If I Had Two Lives by Abbigail Rosewood

If I Had Two Lives is a story of a child who spends her childhood in Vietnam, her early adulthood in America then makes a return visit to her homeland to confront aspects of her past she wishes to resolve.

In Part One she is escorted by her solider to a secretive military camp where her mother has spent the last four years, she is seven years old and has been separated from her mother for four years.

The mother is distant, busy, under suspicion, she is an energy consultant, the girl tries to please her, get her attention. She struggles to connect with her in the way her heart yearns, becoming overly attentive to trying to please her in a way that children who aren’t able to  take having parents there for them for granted might react.

Whenever she has to travel anywhere she is accompanied by this same solider. She clings to him even though he discourages it. She befriends a motherless little girl she finds playing a game stacking bricks, their time together establishes some of the few memories of childhood they will retain, both haunted by the last time they see each other.

There is a strange, unsafe vibe around the little girl’s father. She develops a desire to hurt something, after killing a fish with her bare hands, her angst morphs into thoughtless cruelty towards the little girl. Suddenly her time there is over, she is again escorted, this time across the China border onto a plane to America.

Years later, I understood that Mother had made sure nobody saw me enter the camp and nobody saw me leave; that the erasure of my records in Vietnam would be complete when I boarded the plane…I told myself that once I got to the US, I would turn around, take a different plane back to Vietnam, go get the little girl so we could leave the camp together for good.  We’d talked about escaping together so many times that being forced to go without her was unthinkable.

In Part Two the girl has been sent to America, her mother having promised (unfulfilled) to follow her there, drifting from the homes of relatives to friends, she outwears her welcome with them all and becomes isolated, alone. Haunted by the memories of her youth, she follows a stranger home because he reminds her of her solider. She befriends a young woman who reminds her of the little girl. Her life is laced with illusion, faces that morph into those who have haunted her past. She is not the only one with a past, living with the effects of trauma and her attempts to reconnect expose her to the nightmares of others, also trying to remember or forget.

“Try telling them some other tales that don’t fit their presumptions. Vietnam” – he dropped his cigarette and crushed it with the toe of his shoe. “Is a war, not a country. Anything besides is irrelevant.”

Meeting both these strangers changes the course of her life dramatically and will push her to confront her past, revisit her home country and look for what she has lost. And to make amends.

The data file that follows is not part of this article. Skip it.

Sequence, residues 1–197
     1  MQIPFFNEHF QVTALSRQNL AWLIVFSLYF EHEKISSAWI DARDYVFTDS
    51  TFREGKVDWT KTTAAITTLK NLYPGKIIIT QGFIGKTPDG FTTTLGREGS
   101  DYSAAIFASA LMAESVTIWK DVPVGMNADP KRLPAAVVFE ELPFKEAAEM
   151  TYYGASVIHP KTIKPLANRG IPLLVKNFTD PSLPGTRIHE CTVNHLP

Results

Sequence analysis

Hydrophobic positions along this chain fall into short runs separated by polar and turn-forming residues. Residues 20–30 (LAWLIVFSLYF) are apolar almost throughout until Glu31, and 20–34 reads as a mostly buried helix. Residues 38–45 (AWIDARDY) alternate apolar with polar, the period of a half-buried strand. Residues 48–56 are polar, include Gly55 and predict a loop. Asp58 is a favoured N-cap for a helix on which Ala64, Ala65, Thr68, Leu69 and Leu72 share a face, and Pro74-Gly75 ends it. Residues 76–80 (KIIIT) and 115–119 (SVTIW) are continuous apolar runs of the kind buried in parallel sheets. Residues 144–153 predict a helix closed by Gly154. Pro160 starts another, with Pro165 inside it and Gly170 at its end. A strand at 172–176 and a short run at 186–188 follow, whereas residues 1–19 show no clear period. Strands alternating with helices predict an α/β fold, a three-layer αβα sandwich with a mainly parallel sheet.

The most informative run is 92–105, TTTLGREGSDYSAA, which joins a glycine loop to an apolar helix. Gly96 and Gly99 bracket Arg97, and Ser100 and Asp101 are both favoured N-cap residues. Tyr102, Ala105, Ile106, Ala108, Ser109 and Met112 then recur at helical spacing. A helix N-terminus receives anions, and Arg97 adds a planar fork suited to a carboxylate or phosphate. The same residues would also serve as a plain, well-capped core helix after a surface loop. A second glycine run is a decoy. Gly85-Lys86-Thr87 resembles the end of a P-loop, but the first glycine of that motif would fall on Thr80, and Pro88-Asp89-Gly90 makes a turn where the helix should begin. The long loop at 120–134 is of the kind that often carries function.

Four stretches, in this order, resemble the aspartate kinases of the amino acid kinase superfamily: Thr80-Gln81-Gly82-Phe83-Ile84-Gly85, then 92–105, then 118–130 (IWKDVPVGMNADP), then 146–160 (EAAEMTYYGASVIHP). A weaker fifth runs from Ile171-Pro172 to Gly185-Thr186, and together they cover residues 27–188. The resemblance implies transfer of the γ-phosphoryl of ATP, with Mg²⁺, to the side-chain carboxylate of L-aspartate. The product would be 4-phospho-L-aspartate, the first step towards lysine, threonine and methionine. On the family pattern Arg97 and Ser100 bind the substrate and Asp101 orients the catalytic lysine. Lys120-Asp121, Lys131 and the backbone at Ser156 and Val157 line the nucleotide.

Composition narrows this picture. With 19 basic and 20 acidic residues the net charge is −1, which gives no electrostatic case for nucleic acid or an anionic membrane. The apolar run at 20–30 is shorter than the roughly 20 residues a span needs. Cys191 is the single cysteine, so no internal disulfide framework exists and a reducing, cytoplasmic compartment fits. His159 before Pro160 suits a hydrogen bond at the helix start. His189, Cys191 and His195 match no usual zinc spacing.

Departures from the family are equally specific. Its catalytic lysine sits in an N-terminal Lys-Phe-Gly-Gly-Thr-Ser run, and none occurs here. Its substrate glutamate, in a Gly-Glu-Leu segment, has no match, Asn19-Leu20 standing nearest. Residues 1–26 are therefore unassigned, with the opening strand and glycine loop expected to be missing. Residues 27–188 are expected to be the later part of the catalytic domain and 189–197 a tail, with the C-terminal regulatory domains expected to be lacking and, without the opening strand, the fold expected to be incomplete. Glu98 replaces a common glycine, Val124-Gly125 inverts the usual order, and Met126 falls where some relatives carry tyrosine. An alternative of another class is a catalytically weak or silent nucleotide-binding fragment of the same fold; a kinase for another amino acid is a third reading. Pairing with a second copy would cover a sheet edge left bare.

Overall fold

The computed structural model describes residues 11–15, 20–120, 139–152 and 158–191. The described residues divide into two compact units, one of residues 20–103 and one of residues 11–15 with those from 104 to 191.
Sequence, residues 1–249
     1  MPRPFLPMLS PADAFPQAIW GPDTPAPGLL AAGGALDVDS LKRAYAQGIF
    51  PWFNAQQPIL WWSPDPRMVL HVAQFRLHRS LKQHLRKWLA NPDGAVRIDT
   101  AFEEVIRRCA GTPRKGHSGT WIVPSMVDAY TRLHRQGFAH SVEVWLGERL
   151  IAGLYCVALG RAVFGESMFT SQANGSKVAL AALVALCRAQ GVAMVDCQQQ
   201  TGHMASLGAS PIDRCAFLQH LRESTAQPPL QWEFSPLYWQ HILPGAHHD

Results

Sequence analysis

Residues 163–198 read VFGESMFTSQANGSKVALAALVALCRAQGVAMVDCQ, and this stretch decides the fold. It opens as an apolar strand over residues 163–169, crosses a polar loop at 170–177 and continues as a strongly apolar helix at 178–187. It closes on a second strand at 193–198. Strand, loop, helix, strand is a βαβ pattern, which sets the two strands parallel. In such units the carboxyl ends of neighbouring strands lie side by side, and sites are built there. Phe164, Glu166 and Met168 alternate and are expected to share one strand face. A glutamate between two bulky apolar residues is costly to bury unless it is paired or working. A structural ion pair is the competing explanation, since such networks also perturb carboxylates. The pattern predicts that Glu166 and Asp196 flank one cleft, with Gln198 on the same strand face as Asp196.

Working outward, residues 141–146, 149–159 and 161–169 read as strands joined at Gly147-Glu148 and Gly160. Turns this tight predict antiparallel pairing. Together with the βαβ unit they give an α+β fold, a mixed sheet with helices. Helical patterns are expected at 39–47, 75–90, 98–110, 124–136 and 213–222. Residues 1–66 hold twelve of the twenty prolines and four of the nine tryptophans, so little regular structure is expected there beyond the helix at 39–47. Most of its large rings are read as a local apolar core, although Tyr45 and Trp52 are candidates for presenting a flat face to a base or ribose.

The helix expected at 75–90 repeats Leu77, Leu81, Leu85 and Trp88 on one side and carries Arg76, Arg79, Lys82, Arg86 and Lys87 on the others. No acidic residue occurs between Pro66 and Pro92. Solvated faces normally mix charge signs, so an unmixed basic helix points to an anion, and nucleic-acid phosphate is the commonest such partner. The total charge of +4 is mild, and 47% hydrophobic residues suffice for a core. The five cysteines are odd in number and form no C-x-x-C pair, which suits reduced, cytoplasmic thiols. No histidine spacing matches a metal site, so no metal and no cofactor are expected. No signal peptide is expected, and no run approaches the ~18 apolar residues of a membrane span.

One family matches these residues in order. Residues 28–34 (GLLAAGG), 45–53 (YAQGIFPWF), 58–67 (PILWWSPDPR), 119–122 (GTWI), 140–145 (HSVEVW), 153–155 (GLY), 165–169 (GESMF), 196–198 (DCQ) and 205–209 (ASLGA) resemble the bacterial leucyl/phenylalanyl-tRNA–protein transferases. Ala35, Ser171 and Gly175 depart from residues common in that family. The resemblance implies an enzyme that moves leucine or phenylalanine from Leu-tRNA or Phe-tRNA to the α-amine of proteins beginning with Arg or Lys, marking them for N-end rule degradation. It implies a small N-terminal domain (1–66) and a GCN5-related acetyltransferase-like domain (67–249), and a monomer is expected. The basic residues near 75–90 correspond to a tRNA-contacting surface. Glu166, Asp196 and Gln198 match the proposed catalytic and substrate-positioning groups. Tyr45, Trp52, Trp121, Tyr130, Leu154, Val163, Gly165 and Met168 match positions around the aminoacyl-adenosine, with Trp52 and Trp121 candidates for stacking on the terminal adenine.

More and more I resembled my own mother as I with-held facts and became an accomplice in helping my daughters obscure their origins.

It’s a hard book to describe and one that is disturbing in parts to read, laced with a sadness for a girl that it seems was unwanted, although she was given opportunities, just not love or affection, in turn her own life seems without purpose and missing something that can be felt not described. Her return will provide her a different perspective and bring her closer to understanding her mother and her intention for her daughter, realising she has something of that in her as well.

“When you leave the old country at an age not young enough to get adopted into the new and not old enough to know how to reject it, you become this mutant thing: between borders, between languages, between memories.” He pressed his temples. “If you ask me, I think it’s easier to reinvent than to retrace. You’re not the only one, you know. Look at this city and its faces. You’re not the only one with an ungraspable history.”

I’m not sure I could say I enjoyed it, but it was thought-provoking and made me wonder about the inspiration and experience behind writing it and of the number of sad lives being lived by others, neither from one place nor another, without families, trying to make sense of the world. And of effects of unhealed trauma and displacement.

“If I had two lives to live, I would have done it differently,” she said. “Anything worth having requires your sacrifice, even your personal happiness.”

More than storytelling, despite being fiction, this novel is about what happens to those who leave their homeland, a victim in ways to what they have left, how some are able to manage their past experience, using it to try to improve the situation for others, while others remain a victim to forces and feelings they find difficult to live with, causing them to inflict pain on others or when it gets too much, on themselves, without seeming to, or unable to care who gets hurt in the process.

I am reminded of Cambodian author Vaddey Ratner whose family were evicted from their homeland, she uses fiction in her novel In The Shadow of the Banyan to express memories born of her childhood experience, and although it was traumatic, she was determined to take what was a sad chapter in her country’s history and show us something of its beauty and culture.

 It isn’t so much the story of the Khmer Rouge experience, of genocide, or even of loss and tragedy. What I wanted to articulate is something more universal, more indicative, I believe, of the human experience our struggle to hang onto life, our desire to live, even in the most awful circumstances. – Vaddey Ratner